DENVER (AP) _ A blizzard buried parts of Colorado and Wyoming in 5-foot snowdrifts, shutting down state governments, stranding thousands of people and tearing the Denver airport terminal's roof.

The storm battered a long swath of the Rocky Mountain region, from New Mexico to the Canadian border, weather officials said, and a blizzard warning remained in effect Wednesday from New Mexico to the Colorado-Wyoming line.

Gov. Bill Owens' spokesman, Dan Hopkins, said the storm may be the worst to hit metropolitan Denver in 20 years.

Denver International Airport was shut down, stranding about 3,700 travelers, and a seam in the tent-like roof began to tear under the weight of the snow. The tear appeared to be several yards long.

Officials in both states warned residents to stay home unless absolutely necessary, and there was limited sympathy for stranded motorists.

``We're not Triple A, and we're not equipped to help people who are stuck,'' police Officer Dave Padilla said in Cheyenne, Wyo.

The storm that rumbled into Colorado Tuesday delivered its heaviest blow in the foothills and from the Denver area to the north and east.

Southeastern Denver had gotten 29 inches of snow by early Wednesday, and Boulder, 38 inches. Cheyenne was up to 18 inches by morning, and its 16 inches on Tuesday set a record for the date. In the foothills west of Denver, Cabin Creek reported 6 feet of snow.

More snow _ perhaps 6 inches _ was on the way.

``A good storm lasts a day,'' said National Weather Service meteorologist Kyle Fredin. ``This will be a three-day storm.''

Denver's streets were empty at morning rush hour, save the occasional bus or commuter with 4-wheel-drive. Offices, stores and even the coffee shops were closed.

Snowplows fought to stay ahead of the heavy, wet snow _ more troublesome than Colorado's signature skier's powder.

Dave May, warm in an orange jumpsuit, was shoveling chest-high snow that the plows had pushed in front of the office building where he works.

``I'm the snow man. I have to be in,'' said May, a building engineer who used his 4-wheel-drive truck to make his commute of about 10 miles. ``Getting out of my street was the worst part. The snow was up to the emblem on the grille.''

May said he thinks this storm was worse than the ``Christmas blizzard'' of 1982, which paralyzed the Mile High City for two days.

``It was fluffier stuff,'' he said.

Stacey Mittelstadt, a Casper, Wyo., teacher, was stuck in Billings Logan International Airport in Montana on her way home from a conference in Phoenix. She said she considered renting a car or taking a flight to Salt Lake City for a possible connecting flight to Casper but thought better of it.

``I just don't want to risk it,'' she said. ``I'm closer to home now.''

At Denver International, about 4,000 people waiting for flights were evacuated from the main terminal into another concourse after officials found the tear in the roof's Teflon-coated outer layer. An inner layer was intact, airport spokeswoman Amy Bourgeron said.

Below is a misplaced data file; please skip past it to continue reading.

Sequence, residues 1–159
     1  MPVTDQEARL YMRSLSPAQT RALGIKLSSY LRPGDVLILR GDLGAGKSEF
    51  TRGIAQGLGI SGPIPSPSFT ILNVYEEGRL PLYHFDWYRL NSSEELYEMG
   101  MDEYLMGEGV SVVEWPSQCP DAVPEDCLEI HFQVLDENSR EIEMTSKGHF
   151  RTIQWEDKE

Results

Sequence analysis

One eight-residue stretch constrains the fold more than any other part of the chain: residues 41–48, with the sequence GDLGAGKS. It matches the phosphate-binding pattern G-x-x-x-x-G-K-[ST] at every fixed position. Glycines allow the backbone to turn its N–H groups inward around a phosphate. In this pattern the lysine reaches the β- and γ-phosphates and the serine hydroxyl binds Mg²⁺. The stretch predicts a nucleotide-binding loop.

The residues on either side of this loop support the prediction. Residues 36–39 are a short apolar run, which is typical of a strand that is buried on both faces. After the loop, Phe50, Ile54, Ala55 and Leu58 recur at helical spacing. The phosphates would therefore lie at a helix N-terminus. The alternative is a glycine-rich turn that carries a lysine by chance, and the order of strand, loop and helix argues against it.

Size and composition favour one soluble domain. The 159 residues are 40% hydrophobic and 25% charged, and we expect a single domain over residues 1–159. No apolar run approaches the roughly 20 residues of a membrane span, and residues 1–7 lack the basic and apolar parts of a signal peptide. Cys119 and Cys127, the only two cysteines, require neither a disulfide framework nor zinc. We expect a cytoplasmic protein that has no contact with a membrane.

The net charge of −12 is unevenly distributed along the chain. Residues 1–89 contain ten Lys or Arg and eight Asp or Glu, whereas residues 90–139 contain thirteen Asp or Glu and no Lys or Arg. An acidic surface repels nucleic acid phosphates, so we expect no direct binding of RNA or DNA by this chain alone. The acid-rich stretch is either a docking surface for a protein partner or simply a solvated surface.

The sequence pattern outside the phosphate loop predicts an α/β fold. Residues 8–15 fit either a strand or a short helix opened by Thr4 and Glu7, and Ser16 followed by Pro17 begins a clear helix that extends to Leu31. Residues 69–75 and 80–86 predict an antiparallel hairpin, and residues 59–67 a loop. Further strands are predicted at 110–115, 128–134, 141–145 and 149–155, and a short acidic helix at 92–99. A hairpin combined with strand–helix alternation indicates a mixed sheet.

Stranded travelers had spent the night on cots and in chairs and blankets stretched across the floor. The facility closed early Wednesday after about 2 feet of snow had fallen. There was no immediate word on when it would reopen.

At least 200 people were stranded at the Greyhound bus station in downtown Denver. Kathy Rhamy of Mobile, Ala., and Vesta Hall of Laramie, Wyo., said their last meal was at 2 p.m. Tuesday.

They said some passengers had no money for food, and Rhamy gave a nutrition bar to a woman with diabetes.

``They should send out the National Guard or Red Cross,'' Hall said. ``Especially in a city like this, it's uncalled for.''

The University of Wyoming canceled classes, and the first-round National Invitation Tournament men's basketball game between Wyoming and Eastern Washington was rescheduled from Wednesday to Thursday.

Strong wind whipped the snow horizontally, sweeping many areas bare and piling up 10-foot drifts across roads, at the end of driveways and behind cars.

Residents were advised not to travel in Cheyenne, where the wind-driven snow forced all state offices, schools and the Postal Service to close. F.E. Warren Air Force Base was closed to all but essential personnel.

The storm shut down a 150-mile stretch of Interstate 80 and a 130-mile section of Interstate 90 in northeastern Wyoming. In Colorado, sections of Interstate 25 and I-70 remained closed Wednesday.

There were no reports of serious injuries.

Roofs collapsed on a downtown nightclub and a 25,000-square-foot warehouse in northeastern Denver, the Denver Fire Department said. No injuries were reported.

The snow was good news for the Colorado water supply.

Last year was the state's driest on record, and the mountain snowpack _ which accounts for four-fifths of the water in the state's lakes and rivers _ stood at about 85 percent of average last week.

``We are very grateful. We're very glad to see it. The snow that we've received has brought us to just about normal,'' said Trina McGuire-Collier, spokeswoman for Denver Water.

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On the Net:

National Weather Service warnings: http://iwin.nws.noaa.gov/iwin/nationalwarnings.html